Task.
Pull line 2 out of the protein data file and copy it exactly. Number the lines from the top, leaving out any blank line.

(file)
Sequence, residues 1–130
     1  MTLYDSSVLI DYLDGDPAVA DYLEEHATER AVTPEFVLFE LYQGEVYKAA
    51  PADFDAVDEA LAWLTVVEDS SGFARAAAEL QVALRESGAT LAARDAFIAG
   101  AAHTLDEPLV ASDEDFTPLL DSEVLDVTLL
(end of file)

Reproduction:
     1  MTLYDSSVLI DYLDGDPAVA DYLEEHATER AVTPEFVLFE LYQGEVYKAA